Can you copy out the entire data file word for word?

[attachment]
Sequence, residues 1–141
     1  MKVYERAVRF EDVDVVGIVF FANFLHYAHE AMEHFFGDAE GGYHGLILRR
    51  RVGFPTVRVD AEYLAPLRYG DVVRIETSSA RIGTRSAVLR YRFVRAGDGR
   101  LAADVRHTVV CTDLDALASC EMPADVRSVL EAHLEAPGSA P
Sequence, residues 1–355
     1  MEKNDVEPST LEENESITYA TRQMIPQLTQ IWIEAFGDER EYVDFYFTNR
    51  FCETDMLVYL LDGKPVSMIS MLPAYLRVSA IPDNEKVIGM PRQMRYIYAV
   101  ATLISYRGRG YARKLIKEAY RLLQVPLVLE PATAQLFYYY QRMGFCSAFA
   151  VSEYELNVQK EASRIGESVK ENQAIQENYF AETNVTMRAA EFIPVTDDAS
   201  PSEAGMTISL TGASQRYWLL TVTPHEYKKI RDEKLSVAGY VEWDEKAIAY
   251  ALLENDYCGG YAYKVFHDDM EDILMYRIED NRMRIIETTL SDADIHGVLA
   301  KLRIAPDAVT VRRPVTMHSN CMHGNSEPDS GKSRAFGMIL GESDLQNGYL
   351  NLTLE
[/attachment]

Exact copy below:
Sequence, residues 1–141
     1  MKVYERAVRF EDVDVVGIVF FANFLHYAHE AMEHFFGDAE GGYHGLILRR
    51  RVGFPTVRVD AEYLAPLRYG DVVRIETSSA RIGTRSAVLR YRFVRAGDGR
   101  LAADVRHTVV CTDLDALASC EMPADVRSVL EAHLEAPGSA P
Sequence, residues 1–355
     1  MEKNDVEPST LEENESITYA TRQMIPQLTQ IWIEAFGDER EYVDFYFTNR
    51  FCETDMLVYL LDGKPVSMIS MLPAYLRVSA IPDNEKVIGM PRQMRYIYAV
   101  ATLISYRGRG YARKLIKEAY RLLQVPLVLE PATAQLFYYY QRMGFCSAFA
   151  VSEYELNVQK EASRIGESVK ENQAIQENYF AETNVTMRAA EFIPVTDDAS
   201  PSEAGMTISL TGASQRYWLL TVTPHEYKKI RDEKLSVAGY VEWDEKAIAY
   251  ALLENDYCGG YAYKVFHDDM EDILMYRIED NRMRIIETTL SDADIHGVLA
   301  KLRIAPDAVT VRRPVTMHSN CMHGNSEPDS GKSRAFGMIL GESDLQNGYL
   351  NLTLE